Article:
Finally, latecomer American Health Care Association has made the list in the wake of unprecedented spending by the medical community to modify or forestall health care reform. While Congress’ role in health care reform is now largely over, we look forward to more insight from this player in the coming months and years.
No, we’re not talking about the health care reform bill. While the defeat of the public option did create a system where every American will be forced to put money in the pockets of our good friends in the health insurance industry, lobbyists were unable to remove language that restricts their ability to abuse their subscribers.
The greatest victory for Congress and our corporate allies came in the form of a Supreme Court decision this January, described by President Obama as “a major victory for big oil, Wall Street banks, health insurance companies and the other powerful interests that marshal their power every day in Washington to drown out the voices of everyday Americans.” Can the Supreme Court’s choice to allow corporations to spend unlimited sums on political campaigns for or against candidates really live up to such high praise? Yes it can.
While the health insurance industry may have been unfortunately unable to drown out the voices of average Americans suffering under the current health care system despite spending over 5.5 million dollars over the last month of the debate on ad campaigns, there is hope. As election season rolls around, insurance companies and other corporations that feel threatened by the new laws and the tone of the debate in Washington will now be able to spend as much as they want on making sure only the right people get re-elected. And perhaps after this harsh lesson individual politicians will learn that they can either have those millions of dollars in ad campaigns working for them, or against them.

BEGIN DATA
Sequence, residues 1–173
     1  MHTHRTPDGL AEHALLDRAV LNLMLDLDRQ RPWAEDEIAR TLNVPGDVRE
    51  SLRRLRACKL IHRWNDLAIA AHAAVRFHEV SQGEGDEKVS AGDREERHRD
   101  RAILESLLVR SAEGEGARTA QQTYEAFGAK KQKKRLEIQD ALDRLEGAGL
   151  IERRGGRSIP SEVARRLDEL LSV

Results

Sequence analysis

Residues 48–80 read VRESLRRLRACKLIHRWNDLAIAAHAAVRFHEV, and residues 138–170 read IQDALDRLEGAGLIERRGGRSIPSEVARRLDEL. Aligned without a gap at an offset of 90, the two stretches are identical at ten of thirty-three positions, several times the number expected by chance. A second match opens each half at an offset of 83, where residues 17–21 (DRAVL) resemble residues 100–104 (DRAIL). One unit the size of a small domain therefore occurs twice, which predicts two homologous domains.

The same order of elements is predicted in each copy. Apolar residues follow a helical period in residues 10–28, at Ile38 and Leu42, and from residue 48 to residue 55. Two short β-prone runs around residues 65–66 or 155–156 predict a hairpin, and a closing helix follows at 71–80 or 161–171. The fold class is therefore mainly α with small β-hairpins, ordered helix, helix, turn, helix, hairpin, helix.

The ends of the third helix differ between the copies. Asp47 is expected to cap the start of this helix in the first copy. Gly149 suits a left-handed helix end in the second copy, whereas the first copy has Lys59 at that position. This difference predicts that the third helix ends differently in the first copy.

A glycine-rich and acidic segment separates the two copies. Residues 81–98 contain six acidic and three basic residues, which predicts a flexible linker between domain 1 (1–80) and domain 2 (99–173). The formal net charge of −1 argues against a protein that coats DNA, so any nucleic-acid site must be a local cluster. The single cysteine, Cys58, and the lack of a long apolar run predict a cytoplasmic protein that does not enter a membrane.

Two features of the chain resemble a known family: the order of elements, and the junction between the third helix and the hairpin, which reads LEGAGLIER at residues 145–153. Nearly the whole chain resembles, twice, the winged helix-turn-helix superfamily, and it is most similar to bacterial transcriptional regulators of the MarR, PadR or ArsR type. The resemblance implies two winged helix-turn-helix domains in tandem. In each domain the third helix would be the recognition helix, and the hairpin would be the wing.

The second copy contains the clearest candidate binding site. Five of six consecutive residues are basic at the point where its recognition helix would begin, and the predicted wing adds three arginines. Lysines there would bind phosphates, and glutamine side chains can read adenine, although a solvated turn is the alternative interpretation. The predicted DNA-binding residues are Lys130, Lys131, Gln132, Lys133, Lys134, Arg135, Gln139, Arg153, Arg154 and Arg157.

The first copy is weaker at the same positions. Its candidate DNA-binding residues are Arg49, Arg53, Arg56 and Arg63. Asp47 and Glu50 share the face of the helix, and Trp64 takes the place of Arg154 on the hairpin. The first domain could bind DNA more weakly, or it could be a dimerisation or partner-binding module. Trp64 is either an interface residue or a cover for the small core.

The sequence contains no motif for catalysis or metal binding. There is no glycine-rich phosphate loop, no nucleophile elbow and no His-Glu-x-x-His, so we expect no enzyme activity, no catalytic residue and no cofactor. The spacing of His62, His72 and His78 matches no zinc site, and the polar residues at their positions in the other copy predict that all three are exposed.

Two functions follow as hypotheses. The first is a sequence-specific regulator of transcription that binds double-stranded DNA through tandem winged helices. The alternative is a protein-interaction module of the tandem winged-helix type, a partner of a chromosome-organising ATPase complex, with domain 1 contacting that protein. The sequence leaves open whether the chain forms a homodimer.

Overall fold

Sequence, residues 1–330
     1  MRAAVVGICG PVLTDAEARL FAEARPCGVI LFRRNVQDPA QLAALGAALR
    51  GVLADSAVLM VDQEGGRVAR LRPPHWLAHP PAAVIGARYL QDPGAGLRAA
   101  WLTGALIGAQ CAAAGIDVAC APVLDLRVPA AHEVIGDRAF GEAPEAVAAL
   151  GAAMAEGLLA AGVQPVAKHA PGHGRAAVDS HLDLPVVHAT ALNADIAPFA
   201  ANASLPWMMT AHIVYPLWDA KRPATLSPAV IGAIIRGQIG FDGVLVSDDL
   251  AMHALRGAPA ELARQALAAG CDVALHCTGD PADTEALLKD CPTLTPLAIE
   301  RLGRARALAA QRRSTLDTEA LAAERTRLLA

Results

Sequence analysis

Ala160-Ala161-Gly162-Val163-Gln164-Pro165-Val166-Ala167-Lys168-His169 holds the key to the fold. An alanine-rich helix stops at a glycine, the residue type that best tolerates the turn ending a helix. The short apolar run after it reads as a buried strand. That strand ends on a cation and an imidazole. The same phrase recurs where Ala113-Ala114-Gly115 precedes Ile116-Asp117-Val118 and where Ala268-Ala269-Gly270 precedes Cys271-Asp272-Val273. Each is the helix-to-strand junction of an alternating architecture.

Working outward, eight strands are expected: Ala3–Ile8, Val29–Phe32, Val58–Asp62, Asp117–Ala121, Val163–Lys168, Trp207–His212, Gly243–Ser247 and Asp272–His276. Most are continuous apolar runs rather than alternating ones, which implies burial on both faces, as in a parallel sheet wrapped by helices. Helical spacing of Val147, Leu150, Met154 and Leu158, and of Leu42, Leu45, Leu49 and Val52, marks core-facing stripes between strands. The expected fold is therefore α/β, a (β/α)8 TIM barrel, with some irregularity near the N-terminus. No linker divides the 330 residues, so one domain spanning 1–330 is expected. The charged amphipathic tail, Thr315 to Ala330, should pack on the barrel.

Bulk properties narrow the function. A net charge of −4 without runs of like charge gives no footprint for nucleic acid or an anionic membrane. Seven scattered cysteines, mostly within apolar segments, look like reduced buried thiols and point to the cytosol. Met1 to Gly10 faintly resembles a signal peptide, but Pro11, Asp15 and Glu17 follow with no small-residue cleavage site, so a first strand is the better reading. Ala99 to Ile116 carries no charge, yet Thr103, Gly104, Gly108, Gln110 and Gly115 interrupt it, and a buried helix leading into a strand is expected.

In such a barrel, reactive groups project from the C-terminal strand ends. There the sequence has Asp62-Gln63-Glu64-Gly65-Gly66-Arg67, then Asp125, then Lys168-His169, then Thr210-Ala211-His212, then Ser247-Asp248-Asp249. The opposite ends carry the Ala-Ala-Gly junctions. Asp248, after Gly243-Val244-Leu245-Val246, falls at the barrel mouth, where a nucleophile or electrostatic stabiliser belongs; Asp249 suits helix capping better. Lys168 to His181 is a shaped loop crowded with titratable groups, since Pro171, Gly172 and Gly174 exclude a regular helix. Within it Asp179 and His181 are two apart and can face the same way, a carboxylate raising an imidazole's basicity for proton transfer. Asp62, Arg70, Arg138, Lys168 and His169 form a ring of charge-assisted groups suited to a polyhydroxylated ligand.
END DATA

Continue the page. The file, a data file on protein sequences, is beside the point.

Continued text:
Higher education is an expensive venture. In the United States Congress, we know that colleges and universities are a necessary tool to protect the wealth and power of the nation’s elite. Federal funding is an important part of making higher education possible, but how can we make sure that tax dollars are only being spent to help the people who already have the means to help themselves? The answer is simple: lobbyists.
Like votes for laws, votes on the allocation of Federal funding are available through lobbying firms. In 2009 colleges and universities spent just over $100 million on lobbying Congress. The colleges that could afford to spend more on lobbying got more of the billions of dollars in federal funding. That means more money was spent on grants for prestigious research teams than on helping poor minority kids get a real education.
And that’s what higher education in the United States is all about.